8-6-22: I thought that I was done with the Hurst shifter, but when I got the top of the console installed, the shift lever hits a console support brace when you try to go into first gear. I did some modding and trial fitting. It now shifts without whacking stuff.

8-8-22: The last two days were spent wiring up the new gauges.

8-9-22: Yippee, I got the gauges connected. I still need to tuck the wires up under the dash and zip tie them. Think I'll start putting fluids in (engine oil, radiator coolant, trans gear oil, diff gear oil, power steering fluid, brake fluid, and gasoline).

Car Wheel Vehicle Tire Hood

This is an old photo from 2008 when the new brakes and rebuilt rear end were installed.

8-10-22: Someone in the past butchered the wiring trying to install a stereo. It took a while to fix that mess. I hate to admit it, but I’m that idiot. I ordered a seat belt conversion kit to install a three-point lap and shoulder retractable seat belt system. It should arrive tomorrow. I also ordered the black deluxe houndstooth seat upholstery.

8-12-22: I worked on the Camaro today and yesterday.

8-14-22: Went to the parts store for ball joints. I'm installing 2" drop coil springs, control arm bushings, ball joints, and sway bar bushings/end links. I got the seat upholstery delivered. The deluxe houndstooth seat covers are a perfect match when compared to the old one pattern.

8-15-22: I worked on the front suspension again. I was about to buy a ball joint press, but after watching a couple of videos I decided to save money and time, so I didn't buy the tool. However, I made a poor decision. The "beat them in with a hammer" method is hard work with a risk of damaging them. I should be working smarter, not working harder.

8-17-22: I finally got the driver side front suspension done. Now I get to do the passenger side.

8-21-22: I installed a trans tunnel (or hump) reinforcement panel which is a thick metal frame that strengthens the edges of the hacked shifter hole.

8-24-22: Been working on the Camaro today and taking a lot of breaks due to the heat.

8-25-22: I spent a lot of time removing of the two worn stock rubber upper control arm bushings and then installing the new polyurethane upper control arm bushings.

8-27-22: Yesterday made me cuss. I had trouble installing the last control arm. I finally remembered Dad's tongue in cheek saying: “If at first you don't succeed—get a bigger hammer.” I made good progress once I tried using a big hammer. The installed BMR drop front coil springs appear to have lowered the front end about 1-3/4" or so.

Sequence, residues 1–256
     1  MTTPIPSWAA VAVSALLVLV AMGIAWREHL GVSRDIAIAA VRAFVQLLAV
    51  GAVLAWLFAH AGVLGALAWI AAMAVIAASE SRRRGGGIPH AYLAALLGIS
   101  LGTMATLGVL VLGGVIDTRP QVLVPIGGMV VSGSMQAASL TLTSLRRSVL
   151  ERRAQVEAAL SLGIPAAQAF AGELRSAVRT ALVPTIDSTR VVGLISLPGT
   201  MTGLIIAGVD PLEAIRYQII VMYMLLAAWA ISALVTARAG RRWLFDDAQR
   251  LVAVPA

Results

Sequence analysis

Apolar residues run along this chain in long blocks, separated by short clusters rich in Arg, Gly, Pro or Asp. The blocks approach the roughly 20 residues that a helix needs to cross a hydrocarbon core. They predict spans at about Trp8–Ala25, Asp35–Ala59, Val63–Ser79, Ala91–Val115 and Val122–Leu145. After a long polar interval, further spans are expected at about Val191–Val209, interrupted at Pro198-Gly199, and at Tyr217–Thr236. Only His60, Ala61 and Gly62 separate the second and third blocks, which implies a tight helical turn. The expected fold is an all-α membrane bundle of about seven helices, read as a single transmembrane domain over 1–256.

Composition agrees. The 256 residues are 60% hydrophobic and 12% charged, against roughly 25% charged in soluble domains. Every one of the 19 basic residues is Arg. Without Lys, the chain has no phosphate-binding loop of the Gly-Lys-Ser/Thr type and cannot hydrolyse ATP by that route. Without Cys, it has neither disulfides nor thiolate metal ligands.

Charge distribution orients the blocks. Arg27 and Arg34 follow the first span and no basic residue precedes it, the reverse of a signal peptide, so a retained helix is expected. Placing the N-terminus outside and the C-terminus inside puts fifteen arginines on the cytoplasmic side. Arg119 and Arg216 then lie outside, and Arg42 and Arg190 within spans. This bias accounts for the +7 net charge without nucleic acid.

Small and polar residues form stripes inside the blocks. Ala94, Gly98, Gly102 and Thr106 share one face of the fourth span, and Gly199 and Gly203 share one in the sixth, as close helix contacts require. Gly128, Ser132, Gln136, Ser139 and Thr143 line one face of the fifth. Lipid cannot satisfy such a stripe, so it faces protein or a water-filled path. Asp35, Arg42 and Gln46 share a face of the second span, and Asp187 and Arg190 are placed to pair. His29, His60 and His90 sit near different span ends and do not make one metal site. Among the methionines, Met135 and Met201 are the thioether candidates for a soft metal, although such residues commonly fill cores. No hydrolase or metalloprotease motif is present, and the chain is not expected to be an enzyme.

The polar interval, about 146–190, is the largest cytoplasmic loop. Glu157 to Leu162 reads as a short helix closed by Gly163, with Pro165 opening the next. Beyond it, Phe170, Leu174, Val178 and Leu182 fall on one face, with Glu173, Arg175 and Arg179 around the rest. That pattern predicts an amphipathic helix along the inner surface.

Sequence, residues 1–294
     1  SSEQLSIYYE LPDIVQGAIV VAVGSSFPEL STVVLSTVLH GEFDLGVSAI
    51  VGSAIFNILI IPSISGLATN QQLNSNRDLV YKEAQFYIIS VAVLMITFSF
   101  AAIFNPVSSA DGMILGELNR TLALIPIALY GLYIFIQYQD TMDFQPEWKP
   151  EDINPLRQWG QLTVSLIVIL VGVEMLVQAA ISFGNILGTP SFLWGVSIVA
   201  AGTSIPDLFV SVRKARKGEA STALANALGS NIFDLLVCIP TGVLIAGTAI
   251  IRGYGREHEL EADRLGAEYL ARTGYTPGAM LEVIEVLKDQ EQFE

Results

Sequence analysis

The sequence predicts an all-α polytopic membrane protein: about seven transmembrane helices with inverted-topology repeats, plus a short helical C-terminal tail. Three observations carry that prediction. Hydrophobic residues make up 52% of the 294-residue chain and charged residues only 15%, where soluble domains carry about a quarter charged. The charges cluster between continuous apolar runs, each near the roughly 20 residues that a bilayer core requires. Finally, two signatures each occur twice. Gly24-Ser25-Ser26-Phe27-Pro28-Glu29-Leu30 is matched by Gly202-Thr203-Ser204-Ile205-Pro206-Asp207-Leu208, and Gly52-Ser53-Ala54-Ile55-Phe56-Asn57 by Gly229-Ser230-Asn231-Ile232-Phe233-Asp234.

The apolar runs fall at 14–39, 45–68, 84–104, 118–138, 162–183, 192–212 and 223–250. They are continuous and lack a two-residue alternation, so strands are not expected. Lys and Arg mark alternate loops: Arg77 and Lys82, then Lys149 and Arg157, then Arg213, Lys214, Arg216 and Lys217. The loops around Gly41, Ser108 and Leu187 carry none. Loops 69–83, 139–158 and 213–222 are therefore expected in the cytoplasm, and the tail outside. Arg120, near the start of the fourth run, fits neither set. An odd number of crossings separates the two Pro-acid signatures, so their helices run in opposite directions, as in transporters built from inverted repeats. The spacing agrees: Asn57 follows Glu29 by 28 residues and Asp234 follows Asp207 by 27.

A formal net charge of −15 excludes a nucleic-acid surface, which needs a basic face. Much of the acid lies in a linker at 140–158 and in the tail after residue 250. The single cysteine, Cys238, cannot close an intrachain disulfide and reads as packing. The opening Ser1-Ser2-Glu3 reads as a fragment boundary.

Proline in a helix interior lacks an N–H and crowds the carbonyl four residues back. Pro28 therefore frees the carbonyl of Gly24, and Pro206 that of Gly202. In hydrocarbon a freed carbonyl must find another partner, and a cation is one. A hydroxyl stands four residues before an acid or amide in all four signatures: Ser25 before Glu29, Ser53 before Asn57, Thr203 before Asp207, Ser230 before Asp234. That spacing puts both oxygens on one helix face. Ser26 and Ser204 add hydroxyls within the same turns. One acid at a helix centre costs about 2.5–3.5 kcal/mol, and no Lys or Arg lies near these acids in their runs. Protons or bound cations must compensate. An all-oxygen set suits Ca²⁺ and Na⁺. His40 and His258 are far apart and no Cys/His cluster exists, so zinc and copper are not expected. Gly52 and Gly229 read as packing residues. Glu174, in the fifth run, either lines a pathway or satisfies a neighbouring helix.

8-29-22: For the last two days, I worked on the rear suspension and replaced several brake lines.

8-31-22: I did several minor things to the Camaro. I have the material for the headliner in hand now (backing hardboard, suede with foam backing, and 3M spray adhesive). Might as well forge ahead with my planned custom headliner next.

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Discussion Starter · #13 ·
1968 Camaro project journal for September 2022

9-2-22: I had a coil spring that didn't get all the way down into the spring pocket. Okay, stop laughing. I screwed up. Not the first time and won't be the last. I have tried several times to fix it, but I didn't want to split the ball joint again, which ruins a new $35 part. Ironically, I bought a $35 spring compressor and finally got it to pop into place.

9-3-22: I did some minor work on the Camaro for a couple of hours.

9-5-22: I'm in the middle of doing interior work on the Camaro. I have the seats removed. I pulled the nasty looking "package tray" cover off the rear window shelf and will install a new one. Another thing I'm doing is installing a custom headliner. I think the prep work is finally done. I bought 1/8" thick Masonite panels (hardboard) and have them mounted onto the ceiling.

9-7-22: I got the rear seat re-upholstered. I had two boxes of hog ring staples (100 per box) and completely emptied one box. The headliner material should get installed tomorrow. The front bucket seats are sitting out and waiting to be restored.

9-10-22: The Camaro headliner is done. Dang it was more time consuming than I had thought it would be. I still have to restore the front bucket seats.

Car Vehicle Motor vehicle Automotive design Plant